coronavirus

Telemedicine Could Play Bigger Role Against Potential COVID Surge

Virtual care companies are preparing for new demand in COVID-19 testing and potential demand for COVID-19 anti-viral medication yet to be FDA-approved

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The threat of the omicron variant means a possible increase in people looking for telemedicine options, once again. NBC 5 health reporter Bianca Castro reports, virtual care companies are preparing for new demand and the possibility of getting new COVID-19 anti-viral pills to patients quickly.

The threat of the omicron variant means a possible increase in people looking for telemedicine options, once again.

Virtual care companies are preparing for new demand and the possibility of getting new COVID-19 anti-viral pills to patients quickly.

As COVID-19 numbers climbed during the delta surge, so did the demand for telehealth visits at Driven Healthcare of Frisco.

"We've seen a massive increase, probably 200%-300%, over what we would previously have done in the telemedicine space," said Driven Healthcare's Dr. Carrie de Moor.

The demand is expected to rise as more cases of the Omicron variant are detected in both fully vaccinated and unvaccinated people.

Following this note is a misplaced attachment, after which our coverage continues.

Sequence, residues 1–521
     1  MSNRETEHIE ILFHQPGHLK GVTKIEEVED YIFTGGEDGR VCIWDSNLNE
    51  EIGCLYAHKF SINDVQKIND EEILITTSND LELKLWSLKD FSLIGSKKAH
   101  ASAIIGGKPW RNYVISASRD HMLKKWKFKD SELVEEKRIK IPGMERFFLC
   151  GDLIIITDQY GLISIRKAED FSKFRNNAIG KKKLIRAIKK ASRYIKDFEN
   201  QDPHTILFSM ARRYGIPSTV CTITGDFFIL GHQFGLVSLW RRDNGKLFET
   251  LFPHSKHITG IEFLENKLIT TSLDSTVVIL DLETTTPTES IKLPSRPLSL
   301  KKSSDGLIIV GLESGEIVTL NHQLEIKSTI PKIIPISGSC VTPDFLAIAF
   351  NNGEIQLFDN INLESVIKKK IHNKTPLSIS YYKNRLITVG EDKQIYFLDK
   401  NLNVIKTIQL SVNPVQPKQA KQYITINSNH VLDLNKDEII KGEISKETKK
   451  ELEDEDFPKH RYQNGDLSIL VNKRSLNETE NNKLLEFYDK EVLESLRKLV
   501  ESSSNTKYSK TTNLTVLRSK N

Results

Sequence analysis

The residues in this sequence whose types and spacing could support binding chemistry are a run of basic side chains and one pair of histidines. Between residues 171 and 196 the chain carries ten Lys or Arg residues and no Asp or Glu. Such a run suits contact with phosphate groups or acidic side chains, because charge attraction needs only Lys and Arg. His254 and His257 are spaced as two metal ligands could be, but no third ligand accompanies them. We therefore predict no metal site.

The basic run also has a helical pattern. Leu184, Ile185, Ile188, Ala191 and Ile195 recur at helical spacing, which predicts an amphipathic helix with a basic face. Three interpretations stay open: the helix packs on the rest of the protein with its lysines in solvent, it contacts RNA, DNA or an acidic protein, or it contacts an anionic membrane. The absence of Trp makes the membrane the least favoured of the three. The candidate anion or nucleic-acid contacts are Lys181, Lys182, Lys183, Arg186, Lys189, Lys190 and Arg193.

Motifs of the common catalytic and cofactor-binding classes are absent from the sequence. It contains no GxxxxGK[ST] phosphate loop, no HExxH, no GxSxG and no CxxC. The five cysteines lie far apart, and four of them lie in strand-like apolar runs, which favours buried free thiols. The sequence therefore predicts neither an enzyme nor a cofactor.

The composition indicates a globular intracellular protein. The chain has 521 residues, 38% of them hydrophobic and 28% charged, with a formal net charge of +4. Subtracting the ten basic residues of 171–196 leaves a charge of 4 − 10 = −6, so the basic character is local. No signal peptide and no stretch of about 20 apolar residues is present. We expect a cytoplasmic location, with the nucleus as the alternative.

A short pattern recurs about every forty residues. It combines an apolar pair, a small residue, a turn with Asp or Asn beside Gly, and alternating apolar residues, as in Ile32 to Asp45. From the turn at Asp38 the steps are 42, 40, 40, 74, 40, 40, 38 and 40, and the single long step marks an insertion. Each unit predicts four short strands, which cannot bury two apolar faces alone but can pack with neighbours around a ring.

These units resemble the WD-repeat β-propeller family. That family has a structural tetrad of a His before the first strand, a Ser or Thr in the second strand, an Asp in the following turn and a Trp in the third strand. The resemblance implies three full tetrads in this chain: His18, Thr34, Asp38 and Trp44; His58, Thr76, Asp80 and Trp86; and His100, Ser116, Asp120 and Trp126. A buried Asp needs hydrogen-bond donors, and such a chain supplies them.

Telemedicine providers are pivoting for more demand for COVID testing, as the president announced this week, a push for free at-home testing.

"With telemedicine and with a physician who can help guide you through the testing process with home tests, it's going to really improve our access to turnaround time of knowing that you're positive," said de Moor.

Quick test results will be key if the FDA authorizes new COVID-19 antiviral pills, meant to be taken within the first few days of symptoms.

Digital health companies are now working on platforms that would include a virtual visit, prescription and next-day delivery of the new drugs.

They're virtual tools to accompany what doctors still call the number one defense against COVID-19.

"It's definitely not a substitution for prevention and making smart choices with vaccines and social distancing," said de Moor.